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Prime Minister Scott Morrison clashes with reporters on final day of election campaign

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PM’s fiery clash with press pack as he accuses one reporter of ‘putting words in my mouth’ and another of being a ‘bulldozer’ – before he gives his final 10-second election pitch to voters

  • PM played tit-for-tat with reporters, calling out a journo for being a ‘bulldozer’ 
  • Morrison neither confirmed nor denied National Security leak on South Pacific
  • He called out another reporter to not put words in his mouth about the leak

Prime Minister Scott Morrison has had his final fiery election campaign clash with journos, accusing one of being a ‘bulldozer’ and telling another to stop ‘putting words in my mouth’.

Guardian journalist Paul Karp bore down on Mr Morrison at a press conference  in Perth on Friday, accusing the PM of not taking seriously his pledge to be less of a bulldozer.

Mr Morrison last week acknowledged his ‘bulldozer’-style had alienated colleagues and voters, suggesting Australians would see a change of ‘gears’ if he was re-elected.

Scott Morrison calls out a reporter for doing his own bulldozing, while defending the integrity of his National Security Committee when quizzed on the recent South Pacific security leak

Scott Morrison calls out a reporter for doing his own bulldozing, while defending the integrity of his National Security Committee when quizzed on the recent South Pacific security leak

Guardian journalist Paul Karp (pictured) digs into Scott Morrison about his continuing bulldozing

Guardian journalist Paul Karp (pictured) digs into Scott Morrison about his continuing bulldozing

Mr Karp asked Mr Morrison how voters could trust him when he had not shown evidence of softening in his style, leading to the curt exchanges. 

‘How can Australians trust this last minute conversion when you have reneged on it in less than a week, and there’s been no changes of policy or substance,’ Mr Karp said.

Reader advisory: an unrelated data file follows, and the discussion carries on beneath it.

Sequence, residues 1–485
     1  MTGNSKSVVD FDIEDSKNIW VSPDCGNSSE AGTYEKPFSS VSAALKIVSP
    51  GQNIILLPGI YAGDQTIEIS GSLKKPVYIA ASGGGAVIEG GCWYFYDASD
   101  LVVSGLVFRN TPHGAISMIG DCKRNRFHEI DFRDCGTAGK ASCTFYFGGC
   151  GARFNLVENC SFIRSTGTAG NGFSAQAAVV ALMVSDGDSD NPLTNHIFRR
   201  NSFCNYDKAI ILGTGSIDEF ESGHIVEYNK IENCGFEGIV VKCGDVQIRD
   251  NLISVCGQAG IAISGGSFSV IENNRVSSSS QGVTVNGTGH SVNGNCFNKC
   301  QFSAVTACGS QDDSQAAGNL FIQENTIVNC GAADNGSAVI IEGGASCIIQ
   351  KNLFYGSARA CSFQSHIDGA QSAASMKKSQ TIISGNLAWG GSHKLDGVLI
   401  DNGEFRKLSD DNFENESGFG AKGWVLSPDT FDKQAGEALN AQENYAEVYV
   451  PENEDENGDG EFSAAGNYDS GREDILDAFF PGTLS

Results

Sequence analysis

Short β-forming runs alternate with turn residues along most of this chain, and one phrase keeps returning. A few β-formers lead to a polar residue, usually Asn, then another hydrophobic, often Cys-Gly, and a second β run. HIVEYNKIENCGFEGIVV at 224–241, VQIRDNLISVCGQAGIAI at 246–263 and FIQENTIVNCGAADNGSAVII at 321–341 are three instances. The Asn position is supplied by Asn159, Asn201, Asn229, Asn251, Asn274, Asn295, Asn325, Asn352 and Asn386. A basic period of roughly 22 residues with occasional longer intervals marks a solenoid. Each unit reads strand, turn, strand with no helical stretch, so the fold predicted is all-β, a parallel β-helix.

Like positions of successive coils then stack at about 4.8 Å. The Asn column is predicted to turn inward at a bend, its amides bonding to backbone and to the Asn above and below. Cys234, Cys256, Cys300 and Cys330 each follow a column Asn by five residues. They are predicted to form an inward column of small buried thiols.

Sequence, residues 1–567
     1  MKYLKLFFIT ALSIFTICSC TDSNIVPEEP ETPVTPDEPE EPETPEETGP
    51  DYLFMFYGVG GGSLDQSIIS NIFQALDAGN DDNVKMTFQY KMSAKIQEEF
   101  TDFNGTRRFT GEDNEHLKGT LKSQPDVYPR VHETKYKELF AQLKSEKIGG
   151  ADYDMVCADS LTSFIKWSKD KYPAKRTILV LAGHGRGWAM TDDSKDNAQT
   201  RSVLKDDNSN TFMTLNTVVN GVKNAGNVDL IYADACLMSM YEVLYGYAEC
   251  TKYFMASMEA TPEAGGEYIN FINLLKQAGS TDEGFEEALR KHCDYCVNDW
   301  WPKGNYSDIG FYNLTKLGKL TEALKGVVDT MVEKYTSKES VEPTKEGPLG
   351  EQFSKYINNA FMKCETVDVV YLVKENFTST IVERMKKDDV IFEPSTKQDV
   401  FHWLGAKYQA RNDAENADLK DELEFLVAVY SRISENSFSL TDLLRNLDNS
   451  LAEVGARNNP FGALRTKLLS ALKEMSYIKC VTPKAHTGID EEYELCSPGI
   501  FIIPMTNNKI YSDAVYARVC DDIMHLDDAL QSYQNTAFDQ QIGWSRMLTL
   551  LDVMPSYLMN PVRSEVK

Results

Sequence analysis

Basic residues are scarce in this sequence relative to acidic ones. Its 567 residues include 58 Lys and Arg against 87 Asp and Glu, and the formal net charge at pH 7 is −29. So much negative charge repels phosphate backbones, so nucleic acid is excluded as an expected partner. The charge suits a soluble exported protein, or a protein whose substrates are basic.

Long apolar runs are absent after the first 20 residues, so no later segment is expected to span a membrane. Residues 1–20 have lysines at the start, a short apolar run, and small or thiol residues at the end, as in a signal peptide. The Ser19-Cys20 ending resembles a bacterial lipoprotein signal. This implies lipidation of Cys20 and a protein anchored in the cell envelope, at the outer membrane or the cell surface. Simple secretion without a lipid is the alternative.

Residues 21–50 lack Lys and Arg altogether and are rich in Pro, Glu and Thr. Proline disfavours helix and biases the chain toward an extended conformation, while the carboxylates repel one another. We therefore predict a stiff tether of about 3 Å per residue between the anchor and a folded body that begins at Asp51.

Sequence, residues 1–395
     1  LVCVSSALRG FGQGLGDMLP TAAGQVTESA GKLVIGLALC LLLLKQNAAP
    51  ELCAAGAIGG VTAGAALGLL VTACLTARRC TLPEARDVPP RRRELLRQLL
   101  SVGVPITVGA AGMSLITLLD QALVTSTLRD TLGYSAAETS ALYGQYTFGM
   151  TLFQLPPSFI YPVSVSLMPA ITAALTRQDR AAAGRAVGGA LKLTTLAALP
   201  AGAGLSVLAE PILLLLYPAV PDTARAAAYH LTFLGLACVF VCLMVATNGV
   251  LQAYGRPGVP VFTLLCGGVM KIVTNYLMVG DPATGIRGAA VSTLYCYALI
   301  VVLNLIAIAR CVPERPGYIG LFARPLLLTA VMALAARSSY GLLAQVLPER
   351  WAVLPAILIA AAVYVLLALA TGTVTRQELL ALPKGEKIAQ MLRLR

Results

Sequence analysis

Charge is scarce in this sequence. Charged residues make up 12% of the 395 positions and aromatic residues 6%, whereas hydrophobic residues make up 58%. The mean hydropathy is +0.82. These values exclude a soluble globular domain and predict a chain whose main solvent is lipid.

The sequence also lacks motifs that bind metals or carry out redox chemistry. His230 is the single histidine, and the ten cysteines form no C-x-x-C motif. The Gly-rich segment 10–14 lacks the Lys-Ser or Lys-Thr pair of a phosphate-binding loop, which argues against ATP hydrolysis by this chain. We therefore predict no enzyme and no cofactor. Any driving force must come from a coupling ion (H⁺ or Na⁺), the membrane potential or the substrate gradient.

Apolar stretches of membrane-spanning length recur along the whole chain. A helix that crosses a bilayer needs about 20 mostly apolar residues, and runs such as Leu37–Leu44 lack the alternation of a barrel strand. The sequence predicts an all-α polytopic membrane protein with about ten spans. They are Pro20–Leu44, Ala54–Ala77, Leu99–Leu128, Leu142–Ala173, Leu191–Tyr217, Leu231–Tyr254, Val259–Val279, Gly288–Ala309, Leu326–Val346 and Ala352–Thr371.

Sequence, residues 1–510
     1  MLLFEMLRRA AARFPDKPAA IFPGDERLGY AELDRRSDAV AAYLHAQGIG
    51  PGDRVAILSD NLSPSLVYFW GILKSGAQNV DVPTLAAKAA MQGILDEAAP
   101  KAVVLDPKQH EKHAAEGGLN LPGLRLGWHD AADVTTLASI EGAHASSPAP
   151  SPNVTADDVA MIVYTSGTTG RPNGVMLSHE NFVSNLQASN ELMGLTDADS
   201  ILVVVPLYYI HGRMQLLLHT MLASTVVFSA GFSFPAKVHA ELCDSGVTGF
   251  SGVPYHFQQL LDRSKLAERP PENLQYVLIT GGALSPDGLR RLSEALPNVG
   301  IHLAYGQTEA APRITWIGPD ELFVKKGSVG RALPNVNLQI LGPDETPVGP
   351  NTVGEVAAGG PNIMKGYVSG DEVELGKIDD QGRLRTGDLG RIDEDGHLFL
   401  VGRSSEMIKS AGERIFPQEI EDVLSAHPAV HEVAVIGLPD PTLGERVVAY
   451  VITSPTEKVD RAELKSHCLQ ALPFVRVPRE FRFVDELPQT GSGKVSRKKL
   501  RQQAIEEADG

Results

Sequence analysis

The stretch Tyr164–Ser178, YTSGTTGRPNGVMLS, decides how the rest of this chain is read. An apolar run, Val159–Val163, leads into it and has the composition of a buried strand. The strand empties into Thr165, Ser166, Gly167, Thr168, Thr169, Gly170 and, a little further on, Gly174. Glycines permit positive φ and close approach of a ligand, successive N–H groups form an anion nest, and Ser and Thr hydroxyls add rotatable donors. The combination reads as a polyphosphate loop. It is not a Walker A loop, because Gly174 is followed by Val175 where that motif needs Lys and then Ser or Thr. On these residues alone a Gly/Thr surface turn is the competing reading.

Mr Morrison shot back, saying he didn’t agree with his assertion, before the two started to speak over each other in the heated exchange.

‘What have you changed in substance? What policy?’, Mr Karp asked, before Mr Morrison accused the reporter of being a bulldozer himself.   

‘You’re sounding like a bit of a bulldozer,’ Mr Morrison quipped. 

At the same press conference, journalists quizzed the PM about an allegedly damaging security leak from the Department of Foreign Affairs and Trade.

The disclosure revealed that a $2.8 billion funding proposal for the South Pacific had been rejected by Cabinet’s National Security Committee. 

The apparent leak showed Foreign Minister Marise Payne had wanted to boost funding in the region, a request that was turned down right before China struck a deal with the Solomon Islands.

Mr Morrison denied the revelation came from the committee, asserting the team ‘has been extremely tight’ and said he had no doubt about the integrity of the peak decision-making body.

One reporter asked whether Morrison would call for an investigation into DFAT regarding the untimely leak against his government.  

‘I will not speculate on these issues. I’m not confirming these matters have been discussed,’ Mr Morrison said. 

‘I don’t confirm or deny any issues that are raised around national security’

When the reporter claimed the PM himself had said the leak could have come from DFAT, Mr Morrison told the journalist to ‘not put words in my mouth’.

The PM told a journalist to'not put words in my mouth' after he was quizzed about the National Security Committee election-eve disclosure

The PM told a journalist to ‘not put words in my mouth’ after he was quizzed about the National Security Committee election-eve disclosure

 Mr Morrison finished his final day of election campaigning in Perth while Labor leader Anthony Albanese opted for Adelaide, spending his day with South Australian Premier Peter Malinauskus and former prime minister Julia Gillard. 

The PM also delivered his final election pitch to voters, summing up in 10 seconds why they should choose him.

‘Cause a strong economy means a stronger future. We cannot risk Labor with higher debt and higher deficits, which are only going to push up your cost of living and push up interest rates,’ he said.

‘We’ve come so far, now is not the time to turn back and risk Labor, but secure opportunities with a strong economy.’ 

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